Gita Govinda: Jayadeva's Divine Odyssey by Dr. Utpal K BanerjeeGita Govinda: Jayadeva's Divine Odyssey by Dr. Utpal K Banerjee

Let me concede that I had a model: the 1859 publication of Rubaiyat of Omar Khayyam, edited by Edward Fitzgerald. This book contained exquisite rhymed verse translations of the famous 10th century Persian poet Omar Khayyam's work. Fitzgerald's book went into immediate fame adapted all over the world in every language and always decorated with illustrations of the Persian poet, accompanied "by a book of verse and a jug of wine", and, of course, by his ravishingly pretty ladylove! There was one most vital difference though between Fitzgerald and me. The former had taken the Persian Rubais which were all dohas (2-liners) and expanded them into chaupais (4-liners). Obviously, the meaning had to be stretched and, as Fitzgerald himself confessed, often heavily embellishing and altering the essence by what he termed "transmongrification"! Au contraire, as in French, i.e., "to the contrary", I most assiduously avoided taking any liberty whatsoever and tried my very best to remain truthful to the original- with similar rhyming scheme, even alliterations and the internal rhymes. As regards meaning, I trusted at least four sources of my prose predecessors, to check the same. The result is there, for all to see.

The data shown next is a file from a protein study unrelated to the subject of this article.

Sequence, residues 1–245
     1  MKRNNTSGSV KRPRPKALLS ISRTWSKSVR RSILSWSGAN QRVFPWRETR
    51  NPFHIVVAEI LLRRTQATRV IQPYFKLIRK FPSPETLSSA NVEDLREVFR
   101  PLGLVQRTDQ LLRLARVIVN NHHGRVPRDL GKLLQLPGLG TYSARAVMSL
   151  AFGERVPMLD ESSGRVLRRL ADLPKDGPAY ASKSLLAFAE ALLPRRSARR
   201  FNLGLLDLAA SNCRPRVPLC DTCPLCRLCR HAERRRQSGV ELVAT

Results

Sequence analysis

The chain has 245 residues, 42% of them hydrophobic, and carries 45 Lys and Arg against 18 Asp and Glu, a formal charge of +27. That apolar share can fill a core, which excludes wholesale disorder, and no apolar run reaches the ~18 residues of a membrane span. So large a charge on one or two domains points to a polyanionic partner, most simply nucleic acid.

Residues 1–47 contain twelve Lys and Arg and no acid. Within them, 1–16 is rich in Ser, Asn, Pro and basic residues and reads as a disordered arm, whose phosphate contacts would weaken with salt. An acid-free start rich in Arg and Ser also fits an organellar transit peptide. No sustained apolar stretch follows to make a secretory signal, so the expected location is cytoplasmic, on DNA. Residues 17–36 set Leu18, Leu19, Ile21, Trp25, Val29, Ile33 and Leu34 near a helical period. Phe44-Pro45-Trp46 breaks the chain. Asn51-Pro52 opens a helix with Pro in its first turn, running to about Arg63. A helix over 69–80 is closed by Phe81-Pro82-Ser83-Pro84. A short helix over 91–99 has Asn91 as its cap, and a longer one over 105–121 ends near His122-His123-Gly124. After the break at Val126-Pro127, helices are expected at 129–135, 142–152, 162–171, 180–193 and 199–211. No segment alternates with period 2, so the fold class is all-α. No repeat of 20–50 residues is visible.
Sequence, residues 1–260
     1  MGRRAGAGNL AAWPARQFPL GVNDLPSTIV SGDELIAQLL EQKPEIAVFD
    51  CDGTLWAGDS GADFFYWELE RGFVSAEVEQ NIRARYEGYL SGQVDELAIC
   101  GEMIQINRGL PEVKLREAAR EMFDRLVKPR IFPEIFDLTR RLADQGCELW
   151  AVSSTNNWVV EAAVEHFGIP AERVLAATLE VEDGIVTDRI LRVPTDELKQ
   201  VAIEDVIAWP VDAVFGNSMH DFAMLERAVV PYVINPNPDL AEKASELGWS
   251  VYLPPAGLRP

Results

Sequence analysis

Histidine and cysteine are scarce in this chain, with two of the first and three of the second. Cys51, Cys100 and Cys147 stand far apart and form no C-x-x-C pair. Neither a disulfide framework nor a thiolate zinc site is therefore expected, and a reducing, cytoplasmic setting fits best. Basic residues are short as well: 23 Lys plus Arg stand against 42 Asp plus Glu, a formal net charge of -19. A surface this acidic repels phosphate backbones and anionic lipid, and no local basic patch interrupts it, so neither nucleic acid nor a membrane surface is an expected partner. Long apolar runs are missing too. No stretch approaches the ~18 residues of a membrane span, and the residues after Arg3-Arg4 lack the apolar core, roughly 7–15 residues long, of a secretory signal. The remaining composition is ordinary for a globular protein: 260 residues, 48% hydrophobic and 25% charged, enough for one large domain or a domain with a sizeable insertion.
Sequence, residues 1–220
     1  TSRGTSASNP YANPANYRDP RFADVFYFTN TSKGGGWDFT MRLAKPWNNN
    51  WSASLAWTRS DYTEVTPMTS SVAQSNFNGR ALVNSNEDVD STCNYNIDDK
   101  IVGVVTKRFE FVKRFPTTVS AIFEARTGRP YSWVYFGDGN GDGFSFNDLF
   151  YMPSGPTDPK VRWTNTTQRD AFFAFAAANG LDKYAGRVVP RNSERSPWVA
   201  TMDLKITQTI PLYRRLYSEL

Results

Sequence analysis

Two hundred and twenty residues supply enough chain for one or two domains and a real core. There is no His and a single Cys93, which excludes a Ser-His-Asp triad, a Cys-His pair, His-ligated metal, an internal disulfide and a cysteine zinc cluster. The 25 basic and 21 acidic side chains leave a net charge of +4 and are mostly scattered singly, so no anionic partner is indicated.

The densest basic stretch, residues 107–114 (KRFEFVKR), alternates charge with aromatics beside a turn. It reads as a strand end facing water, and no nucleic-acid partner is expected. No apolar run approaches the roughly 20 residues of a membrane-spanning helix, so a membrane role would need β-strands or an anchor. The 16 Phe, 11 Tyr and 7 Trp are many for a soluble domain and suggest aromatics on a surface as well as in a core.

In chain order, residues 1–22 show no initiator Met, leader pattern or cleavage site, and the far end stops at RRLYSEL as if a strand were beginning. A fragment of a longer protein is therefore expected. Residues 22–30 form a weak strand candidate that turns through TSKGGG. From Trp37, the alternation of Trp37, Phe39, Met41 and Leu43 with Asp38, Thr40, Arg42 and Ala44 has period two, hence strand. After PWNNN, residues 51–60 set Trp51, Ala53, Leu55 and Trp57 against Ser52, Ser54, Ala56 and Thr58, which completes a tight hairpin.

IGNCA has done a magnificent job of four-colour printing and opened their vast and rich archives to decorate the book with a profusion of wonderful -Phad' miniatures, in addition to the few -Patachitras' from Odisha.

Gita Govinda: Jayadeva's Divine Odyssey

In fine, I go back to Jayadeva: Kuru yadu nandana chandana shishire tarena karena payodhare... which was once danced by Pt. Birju Maharaj as Krishna and Kelucharan Mohapatra in the eastern metropolis and left an indelible impression on my mind. Here is my obeisance to Yadunanda and the immortal poet Jayadeva of yesteryears who sung his paeans of praise, and to an epic that is bound to be sung and danced and painted and sculpted for centuries to come!

Dr. Utpal K Banerjee is a scholar-commentator on performing arts over last four decades. He has authored 23 books on Indian art and culture, and 10 on Tagore studies. He served IGNCA as National Project Director, was a Tagore Research Scholar and is recipient of Padma Shri.

I read your piece and thoroughly enjoyed it. To write on an event concerning one's own work is not easy and you have treated it with a light seriousness - if there is such a state.  In fact, I had never thought that anything like what you have tried out in your latest book could be attempted. Looking forward to your next enterprise.
- Leela Venkataraman (Sept 19, 2021)